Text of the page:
- In Milgram's experiments on obedience, 65% of participants administered a 450-volt shock to an unresponsive confederate, out of obedience to the experimenter, even though most of the participants felt hesitant to do so.
- In the Stanford prison experiment, participants were selected to take on randomly assigned roles of prisoner or guard in a mock prison, and they adapted to their roles beyond the experimenter's expectations.
- Higher levels of perceived prestige and closer proximity to the authority figure are associated with increased obedience. Deindividuation and lack of expertise in the participants were also associated with higher levels of obedience.
- obedience: A form of social influence in which a person yields to explicit instructions or orders from an authority figure.
- confederate: Someone who is part of an experiment, but who pretends to be a participant in the study.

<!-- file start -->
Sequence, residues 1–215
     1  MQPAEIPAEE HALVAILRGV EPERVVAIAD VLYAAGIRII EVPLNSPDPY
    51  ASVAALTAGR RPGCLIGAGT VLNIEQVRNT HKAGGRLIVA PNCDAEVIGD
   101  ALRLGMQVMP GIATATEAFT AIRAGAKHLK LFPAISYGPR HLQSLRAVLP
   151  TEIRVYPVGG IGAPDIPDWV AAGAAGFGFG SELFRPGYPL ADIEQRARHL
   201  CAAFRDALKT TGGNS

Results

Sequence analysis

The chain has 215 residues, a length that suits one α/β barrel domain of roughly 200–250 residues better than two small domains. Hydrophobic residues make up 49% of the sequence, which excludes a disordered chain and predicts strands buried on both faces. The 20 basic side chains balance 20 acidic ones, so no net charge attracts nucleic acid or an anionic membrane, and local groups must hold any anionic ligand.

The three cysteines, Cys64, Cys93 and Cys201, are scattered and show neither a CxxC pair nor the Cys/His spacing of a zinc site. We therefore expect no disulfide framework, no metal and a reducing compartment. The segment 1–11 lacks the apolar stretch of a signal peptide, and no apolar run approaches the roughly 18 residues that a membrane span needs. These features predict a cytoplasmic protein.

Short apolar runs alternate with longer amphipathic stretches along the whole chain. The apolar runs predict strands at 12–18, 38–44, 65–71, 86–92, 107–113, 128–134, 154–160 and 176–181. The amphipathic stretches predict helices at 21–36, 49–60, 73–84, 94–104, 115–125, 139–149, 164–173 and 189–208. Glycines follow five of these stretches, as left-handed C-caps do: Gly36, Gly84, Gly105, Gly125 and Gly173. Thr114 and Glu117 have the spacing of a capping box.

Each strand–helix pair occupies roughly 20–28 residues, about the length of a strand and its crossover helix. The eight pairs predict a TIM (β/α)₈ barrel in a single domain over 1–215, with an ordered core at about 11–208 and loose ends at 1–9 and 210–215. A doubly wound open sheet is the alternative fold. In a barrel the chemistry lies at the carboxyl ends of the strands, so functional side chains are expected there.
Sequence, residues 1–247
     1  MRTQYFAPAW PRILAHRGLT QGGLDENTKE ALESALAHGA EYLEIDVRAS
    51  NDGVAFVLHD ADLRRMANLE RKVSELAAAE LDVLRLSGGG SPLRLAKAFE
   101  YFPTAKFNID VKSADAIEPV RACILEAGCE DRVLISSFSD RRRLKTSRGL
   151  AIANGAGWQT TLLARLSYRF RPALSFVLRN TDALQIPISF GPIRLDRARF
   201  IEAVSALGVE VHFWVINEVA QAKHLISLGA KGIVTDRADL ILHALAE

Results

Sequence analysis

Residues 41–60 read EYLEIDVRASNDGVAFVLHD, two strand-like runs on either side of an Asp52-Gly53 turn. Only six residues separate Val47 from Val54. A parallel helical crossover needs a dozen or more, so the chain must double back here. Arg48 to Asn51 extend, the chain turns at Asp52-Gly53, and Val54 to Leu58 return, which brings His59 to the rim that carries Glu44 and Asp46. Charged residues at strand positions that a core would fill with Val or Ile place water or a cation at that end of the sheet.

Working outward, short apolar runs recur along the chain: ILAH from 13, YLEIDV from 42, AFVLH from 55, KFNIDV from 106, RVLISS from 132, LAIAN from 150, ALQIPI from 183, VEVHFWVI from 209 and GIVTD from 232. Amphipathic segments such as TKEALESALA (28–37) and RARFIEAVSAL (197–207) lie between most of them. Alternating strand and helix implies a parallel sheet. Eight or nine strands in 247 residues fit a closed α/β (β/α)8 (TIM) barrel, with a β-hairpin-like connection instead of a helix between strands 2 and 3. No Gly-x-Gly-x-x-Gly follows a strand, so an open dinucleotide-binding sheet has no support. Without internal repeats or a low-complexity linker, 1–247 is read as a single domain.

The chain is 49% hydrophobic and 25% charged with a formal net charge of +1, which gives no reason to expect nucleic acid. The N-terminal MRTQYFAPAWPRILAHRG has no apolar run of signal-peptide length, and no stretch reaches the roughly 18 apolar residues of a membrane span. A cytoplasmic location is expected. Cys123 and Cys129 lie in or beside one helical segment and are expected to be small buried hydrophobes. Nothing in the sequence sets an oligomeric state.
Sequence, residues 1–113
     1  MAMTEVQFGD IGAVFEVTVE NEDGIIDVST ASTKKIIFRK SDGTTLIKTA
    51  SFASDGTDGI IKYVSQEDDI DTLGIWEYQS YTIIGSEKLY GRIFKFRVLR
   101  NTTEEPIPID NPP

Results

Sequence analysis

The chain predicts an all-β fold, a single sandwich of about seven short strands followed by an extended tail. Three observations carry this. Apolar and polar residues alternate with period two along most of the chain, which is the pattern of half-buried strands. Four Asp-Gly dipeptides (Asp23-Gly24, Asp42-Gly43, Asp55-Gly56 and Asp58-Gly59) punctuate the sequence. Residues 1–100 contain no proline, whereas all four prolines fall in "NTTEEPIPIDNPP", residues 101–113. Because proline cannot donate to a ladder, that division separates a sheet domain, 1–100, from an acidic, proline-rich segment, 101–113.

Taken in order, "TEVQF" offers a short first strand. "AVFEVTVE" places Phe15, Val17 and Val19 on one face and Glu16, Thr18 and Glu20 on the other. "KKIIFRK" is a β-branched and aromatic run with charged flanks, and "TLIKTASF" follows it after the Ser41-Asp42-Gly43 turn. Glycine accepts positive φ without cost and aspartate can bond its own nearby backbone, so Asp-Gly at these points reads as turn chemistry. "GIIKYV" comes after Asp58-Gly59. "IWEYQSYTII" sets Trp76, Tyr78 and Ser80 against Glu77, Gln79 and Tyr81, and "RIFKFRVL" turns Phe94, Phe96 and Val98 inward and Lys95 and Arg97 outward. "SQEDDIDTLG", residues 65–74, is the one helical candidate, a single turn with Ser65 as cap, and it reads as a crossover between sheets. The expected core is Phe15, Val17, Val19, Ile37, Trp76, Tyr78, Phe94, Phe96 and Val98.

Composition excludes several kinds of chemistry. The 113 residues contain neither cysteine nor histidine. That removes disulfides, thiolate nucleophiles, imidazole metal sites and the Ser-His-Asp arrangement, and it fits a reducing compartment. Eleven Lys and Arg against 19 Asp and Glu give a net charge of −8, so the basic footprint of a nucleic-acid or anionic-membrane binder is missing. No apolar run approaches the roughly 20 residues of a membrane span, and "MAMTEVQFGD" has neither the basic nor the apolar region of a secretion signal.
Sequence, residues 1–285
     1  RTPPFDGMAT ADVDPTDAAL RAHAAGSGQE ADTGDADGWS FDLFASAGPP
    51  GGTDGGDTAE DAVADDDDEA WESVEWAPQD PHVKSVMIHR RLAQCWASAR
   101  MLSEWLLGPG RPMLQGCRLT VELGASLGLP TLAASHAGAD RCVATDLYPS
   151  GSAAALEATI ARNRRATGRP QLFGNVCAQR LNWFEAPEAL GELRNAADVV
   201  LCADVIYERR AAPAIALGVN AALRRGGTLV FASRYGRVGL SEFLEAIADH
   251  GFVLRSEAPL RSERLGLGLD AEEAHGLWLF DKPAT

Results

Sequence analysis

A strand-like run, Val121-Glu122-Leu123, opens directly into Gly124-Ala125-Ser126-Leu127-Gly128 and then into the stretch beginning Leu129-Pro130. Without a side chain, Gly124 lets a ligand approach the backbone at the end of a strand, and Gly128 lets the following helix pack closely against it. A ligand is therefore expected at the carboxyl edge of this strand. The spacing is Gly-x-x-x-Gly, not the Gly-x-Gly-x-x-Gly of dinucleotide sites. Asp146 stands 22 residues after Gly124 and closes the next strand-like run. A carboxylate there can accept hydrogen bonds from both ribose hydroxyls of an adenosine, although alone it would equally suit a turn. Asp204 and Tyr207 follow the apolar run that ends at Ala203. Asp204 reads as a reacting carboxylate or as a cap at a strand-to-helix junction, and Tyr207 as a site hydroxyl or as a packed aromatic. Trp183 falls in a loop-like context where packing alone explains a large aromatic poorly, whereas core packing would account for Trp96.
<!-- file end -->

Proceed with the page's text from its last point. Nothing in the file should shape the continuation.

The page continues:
- authority: The person or source of power that enables the enforcement of rules and/or gives orders.
- deindividuation: A concept in social psychology that is generally thought of as the losing of self-awareness in groups.
Obedience, in human behavior, is a form of social influence. It occurs when a person yields to explicit instructions or orders from an authority figure. Obedience is generally distinguished from compliance
(behavior influenced by peers) and conformity (
behavior intended to match that of the majority). Following the Second World War—and in particular the Holocaust—psychologists set out to investigate the phenomenon of human obedience. Early attempts to explain the Holocaust had focused on the idea that there was something distinctive about German culture that had allowed the Holocaust to take place. They quickly found that the majority of humans are surprisingly obedient to authority. The Holocaust resulted in the extermination of millions of Jews, Gypsies, and communists; it has prompted us to take a closer look at the roots of obedience—in part, so that tragedies such as this may never happen again.
Research on Obedience